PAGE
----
EXCLUSIVE / The European Union will never receive enough public support for federalism and so should abandon the idea of a United States-inspired superstate, says the influential French Socialist former minister Hubert Védrine.
Germans will never foot the bill and other Europeans will not accept the loss of sovereignty that a supranational state would entail, Védrine told EurActiv.fr on the margins of the Organisation for Econonic Co-operation and Development’s New World Forum in Paris.
Védrine suggested that a 'grand bargain' where Germany bailed out struggling European economies in exchange for more solidarity would never gain traction.
"For the Germans, it would mean that the entire euro zone is under German control - of the Bundestag and the Court of Karlsruhe. For others, it would mean that Germany must pay for countries in difficulty."
“I do not believe for a second in a supranational vision, where the nation-states transfer their competencies to a higher level and where the states will be reduced to regions. The European people will never accept that. To start with Germany."
"The federal leap means nothing,” Védrine said.
United States of Europe
“Let’s abandon this perspective - this will discourage the 0.01% of the people who are federalist - and let us not compare ourselves to the United States,” he said.
“When the Americans created the United States, they brought together Americans. The same when Bismarck brought together the Germans. As General de Gaulle said, you don’t make an omelette with hard-boiled eggs.”
Védrine, 65, served as foreign minister to the government of Lionel Jospin from 1997 to 2002. A Socialist, he was tipped for a senior role under François Hollande in 2012 but the French president opted for a younger cabinet.
Védrine admitted that the solution to the eurozone crisis had mostly been driven by Northern Europe. “But the common political economy should not be reduced to the transmission of German demands to other countries,” he said.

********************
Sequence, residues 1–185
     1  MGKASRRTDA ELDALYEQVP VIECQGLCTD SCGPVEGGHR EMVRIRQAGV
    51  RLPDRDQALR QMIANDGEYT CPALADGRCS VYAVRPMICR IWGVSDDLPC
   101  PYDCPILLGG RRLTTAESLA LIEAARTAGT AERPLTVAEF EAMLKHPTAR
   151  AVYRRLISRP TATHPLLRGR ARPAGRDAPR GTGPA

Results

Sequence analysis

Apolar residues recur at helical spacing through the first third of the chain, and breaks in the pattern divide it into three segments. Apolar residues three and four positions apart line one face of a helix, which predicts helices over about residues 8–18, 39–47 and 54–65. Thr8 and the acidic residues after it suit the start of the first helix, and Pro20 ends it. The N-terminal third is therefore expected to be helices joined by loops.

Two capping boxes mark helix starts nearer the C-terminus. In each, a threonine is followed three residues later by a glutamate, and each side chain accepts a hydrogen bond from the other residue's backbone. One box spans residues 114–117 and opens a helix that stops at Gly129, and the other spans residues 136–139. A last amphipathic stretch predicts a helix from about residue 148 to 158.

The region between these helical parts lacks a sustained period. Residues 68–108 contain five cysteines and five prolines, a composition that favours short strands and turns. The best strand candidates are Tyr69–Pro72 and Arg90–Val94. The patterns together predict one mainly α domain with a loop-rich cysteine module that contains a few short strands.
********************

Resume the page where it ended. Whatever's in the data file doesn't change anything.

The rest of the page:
German Chancellor Angela Merkel has mooted in interviews the idea of a “political union” where countries ceded more sovereignty as a solution to save the euro currency
“We need more Europe, we need not only a monetary union, but we also need a so-called fiscal union, in other words more joint budget policy,” Merkel was quoted as saying June last year.
France so far has been reluctant to take a leap towards federalism but may advocate ceding some fiscal control to Germany in exchange for Eurobonds and debt-pooling under a “grand bargain”. For Germany that would be the end point of a fiscal union.
"It is very important also in terms of confidence for the investment in the Euro area now. We will support an ambitious and structural approach which should include a roadmap and a timetable for a full economic and monetary union in the Euro area."
Speaking after an EU summit in May, European Council President Herman Van Rompuy said Eurobonds were not off the table completely but could be considered after a new stage in the EU's fiscal and economic integration.
"Eurobonds were discussed in the specific chapter of the long-term project of deepening the monetary and economic union," Van Rompuy said. "Nobody was asking for an immediate introduction. This would take time. It is the end of a process to consider what the legal implications of all this are."
The European Central Bank President Mario Draghi said at the conclusion of the May EU summit that Eurobonds could be envisaged but only after greater fiscal integration. "Euro bonds make sense when you have a fiscal union, otherwise they don't make sense," Draghi told reporters in Brussels
Germany’s European Central Bank executive board member, Jörg Asmussen, said ahead of the summit that the euro zone should be backed by “a fiscal union and banking union as well as a democratic legitimised political union”.
His words were echoed by Finance Minister Wolfgang Schäuble who recently argued in favour of a directly-elected European Commission president with greater control over the EU's fiscal policy.